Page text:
GPS collars have the potential to automatically collect large numbers of relatively accurate animal relocations. Collar costs, levels of accuracy, and satellite signal reception have been reported by other studies, but there has been little discussion of long-term performance under field conditions. Between March 1996 and April 1999, we placed 11 GPS collars on 23 individual woodland caribou Rangifer tarandus caribou for a total of 26 collar deployments. Reliability was highly variable; some collar deployments operated normally for their expected period of time, other deployments functioned for less than half of their expected lives. Collars attempted 41,822 locations and collected 15,247 3-D and 10,411 2-D locations, for an average acquisition rate of 59%. We recommend that researchers carefully consider project objectives, budget constraints, and available options such as differential correction and remote collar communication, before purchasing GPS collars.
Global Positioning System (GPS) collars are a relatively new tool available to wildlife managers and scientists and offer several advantages when monitoring movements and activities of large terrestrial mammals. When compared to aerial telemetry, triangulation, LORAN-C and satellite-based (i.e. Argos) methods, GPS has the fewest biases and provides the most precise locations (Hoskinson 1976, Lee, White, Garrott, Bartmann & Alldredge 1985, Garrott, White, Bartmann & Weybright 1986, White & Garrott 1986, Fancy, Pank, Douglas, Curby, Gamer, Amstrup & Regelin 1988, Mills & Knowlton 1989, Findholt, Johnson, Bryant & Thomas 1996, Moen, Pastor & Cohen 1997). Also, GPS collars can relocate an animal frequently (up to once per second) during day or night regardless of weather (Rodgers, Rempel & Abraham 1996, Edenius 1997). Relative to other techniques, GPS collars have the potential for gathering greater amounts of data at a significant cost savings per location, with greater safety to the researcher, and without the temporal biases associated with weather and daylight (Springer 1979, Beyer & Haufler 1994).
Manufacturers and the published literature (e.g. Rodgers & Anson 1994, Moen, Pastor, Cohen & Schwartz 1996b, Rodgers et al. 1996) have pointed out the benefits and some of the limitations of GPS collars. Experimental trials have demonstrated that both terrain and canopy coverage can reduce the likelihood of a GPS collar acquiring the satellite signals necessary to calculate a location (Rempel, Rodgers & Abraham 1995, Moen et al. 1996b, Edenius 1997, Dussault, Courtois, Ouellet & Huot 1999). Researchers have investigated the influence of differential correction software, number and geometry of satellites, animal movement, and collar-antenna orientation on location accuracy and precision (Rempel et al. 1995, Edenius 1997, Moen et al. 1997, Rempel & Rodgers 1997, Bowman, Kochanny, Demarais & Leopold 2000). Merrill, Adams, Nelson & Mech (1998) evaluated the performance of a prototype collar over a relatively short time period, but there has been no documentation of the ability of commercially available GPS collars to meet the objectives of long-term studies (at least two years) conducted under uncontrolled field conditions. We used GPS collars to assess the movements, distribution and habitat selection of woodland caribou Rangifer tarandus caribou in north-central British Columbia for 3.5 years. We appraised the performance of GPS collars under field conditions and the usefulness of these collars to meet study objectives. We specifically address: 1) collar reliability; 2) data retention, recovery, and catastrophic loss; 3) location acquisition bias and realised accuracy; and 4) issues of animal welfare. We conclude with a discussion of contemporary issues relative to GPS collars and provide recommendations that researchers should consider during study design.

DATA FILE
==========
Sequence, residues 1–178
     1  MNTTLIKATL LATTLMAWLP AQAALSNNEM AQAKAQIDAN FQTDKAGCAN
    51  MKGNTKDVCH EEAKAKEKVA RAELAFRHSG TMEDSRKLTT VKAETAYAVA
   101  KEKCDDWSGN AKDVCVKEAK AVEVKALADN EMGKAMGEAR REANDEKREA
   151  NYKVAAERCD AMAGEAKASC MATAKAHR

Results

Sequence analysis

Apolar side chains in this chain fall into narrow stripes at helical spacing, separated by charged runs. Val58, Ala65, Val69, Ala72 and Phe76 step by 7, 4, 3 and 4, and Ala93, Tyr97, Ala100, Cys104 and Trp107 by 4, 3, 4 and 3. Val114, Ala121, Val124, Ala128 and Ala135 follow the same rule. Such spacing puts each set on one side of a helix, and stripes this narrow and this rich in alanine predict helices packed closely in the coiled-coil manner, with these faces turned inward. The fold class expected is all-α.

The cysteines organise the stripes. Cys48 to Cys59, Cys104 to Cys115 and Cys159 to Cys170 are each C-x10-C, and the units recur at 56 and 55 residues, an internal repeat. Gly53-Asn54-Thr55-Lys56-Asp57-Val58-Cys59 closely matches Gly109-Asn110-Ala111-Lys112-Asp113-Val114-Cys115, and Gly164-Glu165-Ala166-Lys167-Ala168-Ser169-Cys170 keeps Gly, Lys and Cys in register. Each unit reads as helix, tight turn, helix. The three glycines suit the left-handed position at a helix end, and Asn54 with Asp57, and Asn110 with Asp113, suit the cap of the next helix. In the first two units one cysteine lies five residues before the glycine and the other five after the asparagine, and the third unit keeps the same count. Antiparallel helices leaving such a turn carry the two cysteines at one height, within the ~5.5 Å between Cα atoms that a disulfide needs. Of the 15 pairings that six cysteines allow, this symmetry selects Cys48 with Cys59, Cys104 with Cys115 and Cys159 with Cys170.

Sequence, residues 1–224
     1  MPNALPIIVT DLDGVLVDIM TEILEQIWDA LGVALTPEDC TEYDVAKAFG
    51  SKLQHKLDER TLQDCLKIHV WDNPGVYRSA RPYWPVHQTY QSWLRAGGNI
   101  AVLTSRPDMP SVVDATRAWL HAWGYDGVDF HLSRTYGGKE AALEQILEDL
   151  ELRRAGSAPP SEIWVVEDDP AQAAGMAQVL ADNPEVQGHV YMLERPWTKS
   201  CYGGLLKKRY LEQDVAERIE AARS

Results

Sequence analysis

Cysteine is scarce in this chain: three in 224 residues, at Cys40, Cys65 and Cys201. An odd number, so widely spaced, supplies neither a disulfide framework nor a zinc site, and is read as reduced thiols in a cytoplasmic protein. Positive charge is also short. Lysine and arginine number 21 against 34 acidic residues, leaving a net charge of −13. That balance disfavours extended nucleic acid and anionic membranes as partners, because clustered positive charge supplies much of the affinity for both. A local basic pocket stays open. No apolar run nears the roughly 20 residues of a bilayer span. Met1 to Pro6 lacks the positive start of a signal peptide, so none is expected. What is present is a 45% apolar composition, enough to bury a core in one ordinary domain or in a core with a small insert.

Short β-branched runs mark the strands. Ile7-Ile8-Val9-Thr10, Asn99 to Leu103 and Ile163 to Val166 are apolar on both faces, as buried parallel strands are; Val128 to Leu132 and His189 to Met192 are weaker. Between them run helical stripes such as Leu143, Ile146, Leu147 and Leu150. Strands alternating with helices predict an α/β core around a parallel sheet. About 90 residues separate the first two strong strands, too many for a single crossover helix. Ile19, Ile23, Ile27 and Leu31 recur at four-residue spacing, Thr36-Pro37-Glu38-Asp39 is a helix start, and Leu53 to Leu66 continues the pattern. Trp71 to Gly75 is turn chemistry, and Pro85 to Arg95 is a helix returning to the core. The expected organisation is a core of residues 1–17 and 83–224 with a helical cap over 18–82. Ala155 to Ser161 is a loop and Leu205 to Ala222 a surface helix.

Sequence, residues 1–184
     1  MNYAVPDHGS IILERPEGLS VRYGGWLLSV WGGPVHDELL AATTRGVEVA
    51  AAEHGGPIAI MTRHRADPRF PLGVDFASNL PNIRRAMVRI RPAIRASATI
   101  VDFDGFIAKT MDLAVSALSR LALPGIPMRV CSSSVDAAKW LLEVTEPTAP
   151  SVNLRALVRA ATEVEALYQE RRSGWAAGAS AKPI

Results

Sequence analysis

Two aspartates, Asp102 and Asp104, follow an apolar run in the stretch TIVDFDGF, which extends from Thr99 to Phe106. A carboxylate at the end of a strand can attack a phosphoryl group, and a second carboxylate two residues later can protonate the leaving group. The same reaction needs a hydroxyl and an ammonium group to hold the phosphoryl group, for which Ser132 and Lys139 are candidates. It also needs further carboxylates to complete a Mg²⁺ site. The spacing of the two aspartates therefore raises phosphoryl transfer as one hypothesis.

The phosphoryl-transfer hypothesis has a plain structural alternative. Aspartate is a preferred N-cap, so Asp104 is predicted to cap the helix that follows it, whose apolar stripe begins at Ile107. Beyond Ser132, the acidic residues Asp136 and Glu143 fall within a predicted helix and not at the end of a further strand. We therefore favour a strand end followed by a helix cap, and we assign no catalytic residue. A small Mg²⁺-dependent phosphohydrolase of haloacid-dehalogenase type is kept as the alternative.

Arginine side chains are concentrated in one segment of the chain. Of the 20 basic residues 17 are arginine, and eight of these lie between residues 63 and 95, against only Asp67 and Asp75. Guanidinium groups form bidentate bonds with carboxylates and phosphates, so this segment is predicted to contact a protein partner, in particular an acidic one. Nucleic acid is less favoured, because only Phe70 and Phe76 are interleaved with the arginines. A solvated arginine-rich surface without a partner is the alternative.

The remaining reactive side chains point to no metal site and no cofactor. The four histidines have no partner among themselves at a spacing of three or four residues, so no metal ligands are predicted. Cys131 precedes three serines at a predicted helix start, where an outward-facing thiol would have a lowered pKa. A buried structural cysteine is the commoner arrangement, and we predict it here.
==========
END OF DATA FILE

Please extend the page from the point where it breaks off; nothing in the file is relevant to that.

Material and methods
We used GPS 1000 collars from Lotek Engineering, Inc. (Newmarket, Ontario, Canada), weighing 1.8 or 2.2 kg depending on battery size, and equipped with Motorola PVT-6 six-channel receivers. Collars were constructed to perform all positioning, communication, maintenance and sensor functions to -30°C and were designed to withstand repeated complete immersions in water (Lotek Engineering 1995). Each collar had sufficient non-volatile random access memory to store 1,680 records. Memory retention is guaranteed to -50°C and designed to retain information even if the collar ceases to function (Lotek Engineering 1995). All data were differentially correctable and were processed using the most current version of the vendor specific software N3WIN (V. 2.412).
We chose differential correction because of greater location accuracy (Moen et al. 1997). We contracted a privately operated base station to prepare the data necessary for our post-processing needs. Base station data were edited to provide just the first five minutes of every hour within which a location was recorded by the collars. This resulted in considerably smaller file sizes and reduced data storage costs (for one day 570,000 bytes compressed versus 2.5 megabytes compressed if unedited).